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Botham Jean's family files wrongful death lawsuit against Southside Flats apartments

The lawsuit filed Tuesday says that Southside Flats never fixed Jean's door, which allowed Amber Guyger to get into Jean's apartment.

Updated at 1:35 p.m. Thursday to clarify the amount of money the Jean family is seeking in the lawsuit.

Botham Jean's family is suing the Southside Flats apartments for wrongful death, according to a lawsuit recently filed in Dallas County.

Jean was living at the Southside Flats apartments when he was shot and killed by Dallas police officer Amber Guyger almost two years ago to the day. Guyger was convicted of murder last year and sentenced to 10 years in prison. 

The lawsuit filed Tuesday says that Southside Flats never fixed Jean's door, which allowed Guyger to get into Jean's apartment. 

Guyger testified during her trial last year that she thought she was in her own apartment, one floor below, and shot Jean because she believed he was an intruder. 

The family is seeking more than $1 million in the lawsuit.

RELATED: Amber Guyger attorneys file appeal asking for acquittal of murder charge, request a lesser charge and new punishment

"Botham’s death occurred as a direct result of the faulty poorly maintained door and locking mechanism and the confusion with the layout of the Southside Flats," the lawsuit says.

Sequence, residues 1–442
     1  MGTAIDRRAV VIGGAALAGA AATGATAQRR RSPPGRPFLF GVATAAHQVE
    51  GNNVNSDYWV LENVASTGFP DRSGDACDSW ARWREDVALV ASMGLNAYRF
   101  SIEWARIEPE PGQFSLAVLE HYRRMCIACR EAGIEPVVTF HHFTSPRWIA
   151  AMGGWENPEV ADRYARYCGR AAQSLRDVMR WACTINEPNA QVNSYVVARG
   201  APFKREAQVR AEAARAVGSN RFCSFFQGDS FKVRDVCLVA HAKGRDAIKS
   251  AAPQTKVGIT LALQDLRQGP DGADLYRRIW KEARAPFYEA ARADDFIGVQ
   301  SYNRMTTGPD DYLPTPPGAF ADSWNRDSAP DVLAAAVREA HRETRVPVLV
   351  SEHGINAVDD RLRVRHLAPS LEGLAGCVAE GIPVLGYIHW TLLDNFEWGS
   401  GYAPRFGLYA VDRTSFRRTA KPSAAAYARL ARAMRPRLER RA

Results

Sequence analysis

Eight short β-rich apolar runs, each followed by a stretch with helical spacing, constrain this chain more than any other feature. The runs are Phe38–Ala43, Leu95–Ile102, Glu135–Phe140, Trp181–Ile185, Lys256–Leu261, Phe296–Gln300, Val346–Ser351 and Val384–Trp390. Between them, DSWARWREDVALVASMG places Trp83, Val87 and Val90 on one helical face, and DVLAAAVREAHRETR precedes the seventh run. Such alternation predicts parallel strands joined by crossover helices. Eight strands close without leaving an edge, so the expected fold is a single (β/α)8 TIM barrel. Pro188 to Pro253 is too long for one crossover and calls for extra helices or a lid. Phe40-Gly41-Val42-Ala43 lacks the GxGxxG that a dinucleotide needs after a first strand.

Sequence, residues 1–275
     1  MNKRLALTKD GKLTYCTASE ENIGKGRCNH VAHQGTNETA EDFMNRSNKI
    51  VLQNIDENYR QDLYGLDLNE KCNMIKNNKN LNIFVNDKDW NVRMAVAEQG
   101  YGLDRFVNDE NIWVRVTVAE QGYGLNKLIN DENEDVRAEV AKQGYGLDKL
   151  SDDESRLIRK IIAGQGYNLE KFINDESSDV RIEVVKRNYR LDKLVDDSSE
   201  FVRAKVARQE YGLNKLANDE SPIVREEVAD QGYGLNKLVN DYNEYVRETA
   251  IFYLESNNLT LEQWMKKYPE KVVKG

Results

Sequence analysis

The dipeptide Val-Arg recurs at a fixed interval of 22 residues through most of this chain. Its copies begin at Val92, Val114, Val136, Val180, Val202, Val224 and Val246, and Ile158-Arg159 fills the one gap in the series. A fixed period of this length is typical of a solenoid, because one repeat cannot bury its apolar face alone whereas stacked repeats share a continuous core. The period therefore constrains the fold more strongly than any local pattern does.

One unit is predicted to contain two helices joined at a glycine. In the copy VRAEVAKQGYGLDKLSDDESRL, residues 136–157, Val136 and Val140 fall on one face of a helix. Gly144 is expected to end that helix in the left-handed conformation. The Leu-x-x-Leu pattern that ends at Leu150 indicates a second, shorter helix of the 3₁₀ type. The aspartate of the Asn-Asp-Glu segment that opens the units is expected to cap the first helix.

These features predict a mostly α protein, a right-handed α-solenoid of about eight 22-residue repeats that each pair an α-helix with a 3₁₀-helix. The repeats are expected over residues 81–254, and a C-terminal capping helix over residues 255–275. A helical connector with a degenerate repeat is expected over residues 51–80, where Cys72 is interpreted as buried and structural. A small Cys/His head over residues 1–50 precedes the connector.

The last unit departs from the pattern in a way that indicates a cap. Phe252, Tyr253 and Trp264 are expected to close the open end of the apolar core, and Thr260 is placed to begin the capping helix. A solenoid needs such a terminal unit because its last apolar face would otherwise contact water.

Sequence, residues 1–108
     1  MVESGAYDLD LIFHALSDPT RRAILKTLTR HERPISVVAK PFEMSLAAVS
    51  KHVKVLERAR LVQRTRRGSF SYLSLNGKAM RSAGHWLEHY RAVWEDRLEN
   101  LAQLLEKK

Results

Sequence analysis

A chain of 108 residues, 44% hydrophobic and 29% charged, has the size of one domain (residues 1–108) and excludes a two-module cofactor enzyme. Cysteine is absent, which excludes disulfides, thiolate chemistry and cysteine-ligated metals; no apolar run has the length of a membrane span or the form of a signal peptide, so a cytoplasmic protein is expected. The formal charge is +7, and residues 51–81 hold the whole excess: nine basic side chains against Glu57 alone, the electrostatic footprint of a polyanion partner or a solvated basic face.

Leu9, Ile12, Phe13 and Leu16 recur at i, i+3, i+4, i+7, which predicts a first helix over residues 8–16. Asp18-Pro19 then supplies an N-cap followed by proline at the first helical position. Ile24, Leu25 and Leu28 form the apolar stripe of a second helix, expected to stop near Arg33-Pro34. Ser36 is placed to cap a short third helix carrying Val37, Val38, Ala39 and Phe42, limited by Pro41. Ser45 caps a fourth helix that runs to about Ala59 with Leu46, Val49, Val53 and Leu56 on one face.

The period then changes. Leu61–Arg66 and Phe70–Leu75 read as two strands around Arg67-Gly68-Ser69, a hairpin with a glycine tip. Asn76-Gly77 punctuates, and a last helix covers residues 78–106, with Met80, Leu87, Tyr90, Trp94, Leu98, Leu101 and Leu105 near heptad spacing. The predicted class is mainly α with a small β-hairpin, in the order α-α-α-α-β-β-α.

Waterton Residential, LLC, one of the defendants listed in the suit, was hired as the apartment management company. All apartments at Southside Flats use electronic key fobs to unlock doors, but the lawsuit says that there were multiple incidents that showed the key fobs didn't work properly.

The lawsuit claims either Jean's door didn't close properly "as it was designed to do" or that Guyger's key worked on the wrong door. 

"Either circumstance created an unreasonably dangerous condition that allowed someone access to an apartment that was not theirs," the suit says.

The lawsuit also supports Guyger's defense that the apartments were confusing and she thought she was in her own apartment. She said during trial that residents regularly parked on the wrong floor and sometimes walked to the wrong apartment. 

According to the lawsuit, multiple residents interviewed by the Texas Rangers stated that they had either parked on the wrong floor, put the wrong key fob in the wrong lock, or went to the wrong apartment on accident. 

One resident, who said he had never met Guyger or Jean, said he had parked on the wrong floor as many as a dozen times. 

Another resident said she had unintentionally parked on the wrong floor multiple times and complained to management about a faulty key fob. She also said a stranger once entered her apartment with his own key fob. 

RELATED: Grand jury declines to indict Dallas Police Association president for actions in Amber Guyger case

According to the lawsuit, Southside Flats and its management knew about the problems and did nothing.

The Texas Rangers investigation found that Jean's lock was indeed broken, according to the lawsuit. Rainy weather on Sept. 6, 2018, also contributed to the door's inability to lock, according to the investigators. 

Door manufacturer Dormakaba is also listed as a defendant in the lawsuit.

So far, one party has been served in the lawsuit, but all will be served soon, according to the Jean family attorney.

Read the full lawsuit below:

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